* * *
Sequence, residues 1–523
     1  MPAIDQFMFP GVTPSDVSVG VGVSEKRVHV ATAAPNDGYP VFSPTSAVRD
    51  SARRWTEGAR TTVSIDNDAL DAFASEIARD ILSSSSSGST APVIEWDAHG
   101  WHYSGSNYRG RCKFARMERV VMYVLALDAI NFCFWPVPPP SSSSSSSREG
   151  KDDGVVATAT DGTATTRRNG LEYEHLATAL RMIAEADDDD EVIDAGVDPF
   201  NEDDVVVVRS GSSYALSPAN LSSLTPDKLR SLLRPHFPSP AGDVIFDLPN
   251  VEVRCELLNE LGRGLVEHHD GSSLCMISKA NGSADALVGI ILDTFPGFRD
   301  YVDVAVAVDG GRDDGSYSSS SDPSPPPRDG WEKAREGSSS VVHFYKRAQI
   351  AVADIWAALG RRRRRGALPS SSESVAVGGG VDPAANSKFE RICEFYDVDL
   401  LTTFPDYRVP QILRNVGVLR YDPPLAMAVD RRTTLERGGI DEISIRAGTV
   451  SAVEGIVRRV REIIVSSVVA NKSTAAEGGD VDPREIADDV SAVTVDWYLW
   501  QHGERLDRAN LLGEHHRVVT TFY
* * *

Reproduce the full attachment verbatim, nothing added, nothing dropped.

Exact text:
Sequence, residues 1–523
     1  MPAIDQFMFP GVTPSDVSVG VGVSEKRVHV ATAAPNDGYP VFSPTSAVRD
    51  SARRWTEGAR TTVSIDNDAL DAFASEIARD ILSSSSSGST APVIEWDAHG
   101  WHYSGSNYRG RCKFARMERV VMYVLALDAI NFCFWPVPPP SSSSSSSREG
   151  KDDGVVATAT DGTATTRRNG LEYEHLATAL RMIAEADDDD EVIDAGVDPF
   201  NEDDVVVVRS GSSYALSPAN LSSLTPDKLR SLLRPHFPSP AGDVIFDLPN
   251  VEVRCELLNE LGRGLVEHHD GSSLCMISKA NGSADALVGI ILDTFPGFRD
   301  YVDVAVAVDG GRDDGSYSSS SDPSPPPRDG WEKAREGSSS VVHFYKRAQI
   351  AVADIWAALG RRRRRGALPS SSESVAVGGG VDPAANSKFE RICEFYDVDL
   401  LTTFPDYRVP QILRNVGVLR YDPPLAMAVD RRTTLERGGI DEISIRAGTV
   451  SAVEGIVRRV REIIVSSVVA NKSTAAEGGD VDPREIADDV SAVTVDWYLW
   501  QHGERLDRAN LLGEHHRVVT TFY